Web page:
Requests for capital purchases to be paid from the general fund balance and included on the FY2022 reimbursement resolution for the year-end issuance of legally authorized debt include the following: a courthouse security request to purchase four body restraints not to exceed $1,527; a permits request to purchase two Adobe licenses not to exceed $936; and am auditor’s office request to purchase one desktop scanner not to exceed $1,026.

Items on the consent agenda include:

Approve minutes of April 12 regular meeting;

Approve schedules of bills;

Approve listing of previously authorized capital purchases to be included on reimbursement resolution;

Approve order designating surplus property;

Receive county auditor’s monthly report, pursuant to Local Government Code Sec. 114.025;

Approve agreement with Goodwin, Lasiter and Strong as engineer for American Rescue Plan Act (ARPA) water infrastructure;

Ratify Amendment No. 2 to General Land Office Contract No. 20-065-018-C064 to revise the performance statement, budget and benchmarks for River Road and Taylor Lake Road infrastructure projects;

Approve resolution for Polk County Special Services to join the Texas Indigent Health Care Association; and

Accept Patrick Leahy Grant Award for bullet proof vests for the sheriff’s office.

During informational reports, the Court will issue a proclamation declaring April 24-30 as National Crime Victims’ Rights Week.

The Court will reconvene at 1:15 p.m. Tuesday to enter into an executive session to discuss and consider filling the position of human resources director. The position is vacant following the recent resignation of Adrena Gilbert.

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First responders honored, classmate remembered

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First RespondersLivingston Fire Chief Corky Cochran makes remarks during the Cole Overstreet Memorial Breakfast honoring Livingston’s first responders Wednesday. The breakfast was hosted by the Livingston High School dual credit government class taught by Debra Jenke at Angelina College Polk County Center. Photo by Emily Banks Wooten

At Cole Overstreet Memorial breakfast

By Emily Banks Wooten
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The Cole Overstreet Memorial Breakfast in honor of Livingston’s first responders was hosted Wednesday at the Angelina College Polk County Center by Cole’s peers from his dual credit government class.

Cole Overstreet, 18, a Livingston High School senior, was killed Sept. 24 following the homecoming football game in a hit-and-run collision with a drunk driver on FM 350 South.

“It was an honor to be Cole’s government instructor,” Debra Jenke said. Jenke teaches dual credit government classes for Angelina College Polk County Center where she also serves as director. Each year when her senior students are studying the rights and responsibilities of citizens, she emphasizes the importance of giving back to one’s community by having her students complete a service project.

“We batted around several ideas, and this is what they wanted to do. It was very successful, and plans are already in the works for Spring 2023,” Jenke said.

Cole’s parents, siblings and grandparents were guests, along with numerous first responders from the Livingston Volunteer Fire Department and the Livingston Police Department. They were treated to a breakfast taco bar with all the trimmings and a beautiful array of fresh fruit and pound cake, along with coffee, juice and water. Dylan Shannon, a classmate of Cole’s, gave the prayer.

“Thank you all for coming to the Cole Overstreet Memorial Breakfast. This is something that we, as a class, have been planning since the fall semester,” Ryan McNabb, another classmate, said. “We are so thankful for all the first responders being here and for everything y’all do for the community.

“And thank you to the family for being here when we know how hard this is for y’all and us. It was a pleasure for all of us to know Cole. Thank you for helping us honor him,” McNabb said.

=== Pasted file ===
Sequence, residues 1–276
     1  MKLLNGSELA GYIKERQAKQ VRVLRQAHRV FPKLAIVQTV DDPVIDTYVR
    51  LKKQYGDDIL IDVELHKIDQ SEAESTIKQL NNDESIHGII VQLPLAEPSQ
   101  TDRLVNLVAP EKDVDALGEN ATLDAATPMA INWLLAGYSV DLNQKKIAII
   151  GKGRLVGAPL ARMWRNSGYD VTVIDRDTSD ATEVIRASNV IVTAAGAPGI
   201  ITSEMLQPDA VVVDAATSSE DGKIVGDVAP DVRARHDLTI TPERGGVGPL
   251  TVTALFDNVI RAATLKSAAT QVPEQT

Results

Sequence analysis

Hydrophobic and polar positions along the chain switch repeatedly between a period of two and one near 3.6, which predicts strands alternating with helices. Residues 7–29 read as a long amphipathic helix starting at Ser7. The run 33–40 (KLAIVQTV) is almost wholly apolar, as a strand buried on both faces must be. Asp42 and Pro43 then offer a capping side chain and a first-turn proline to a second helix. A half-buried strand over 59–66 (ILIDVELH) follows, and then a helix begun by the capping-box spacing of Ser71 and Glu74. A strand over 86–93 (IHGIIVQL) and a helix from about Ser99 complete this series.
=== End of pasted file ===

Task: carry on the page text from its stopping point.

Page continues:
“I want to thank you for the honor of being here this morning to honor Cole’s memory. I want you to know that it affected us,” Livingston Fire Chief Corky Cochran said. “You may think we’re just hard-shelled people but we’re fathers too. Things happen and we question our sanity and ask ourselves why do we do this?

“You youngsters have so much going on and so many activities and you take time out of your schedule to do this. I look at you and I see the future. I look at you and see policemen, firefighters, doctors, nurses, teachers and coaches. It makes me realize why we do what we do,” Cochran said.

Livingston ISD Superintendent Dr. Brent E. Hawkins agreed.

“I think so much of what Mr. Cochran said is spot-on. There are tough storms that we go through—some we create and some we don’t—but it’s all a part of growing up and living and I see remarkable people in this room,” Hawkins said.

“As I look around, I see so many people who have been a part of great things. I’ve been through championships and victories and so many things that are great, but I think the heart of what we do is the love we have for each other. The love that you have for Cole is special. That is very reassuring for our future. As a parent, my heart breaks. As a community, I think it’s important we continue to love on the Overstreet family,” Hawkins said.

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SPCA Grant

The Rotary Club of Livingston recently participated in a project to assist the Society for the Prevention of Cruelty to Animals (SPCA) of Polk County with some improvements to the front façade of its facility located at 802 S. Houston. With the guidance of Ron Hornsby, executive director of the SPCA of Polk County, local Rotarians removed and replaced some old and rotten wood. They sanded down some of the older wood to try to remove the old paint. They also did a lot of caulking, then repainted a good portion of the front. They did some weed eating and used plywood to put soffits under the overhang. Funding for the project was the result of the local club’s successful participation in a matching grant program. Half of the project was funded by a grant from Rotary District 5910 which receives grant money from The Rotary Foundation, an international fund, and the Rotary Club of Livingston funded the other half. The local club has the opportunity annually to apply for a district grant. The club provides a certain amount and if approved, then the district matches that amount. It’s like a return on contributions from the community that is then used in the community. Photos by Emily Banks Wooten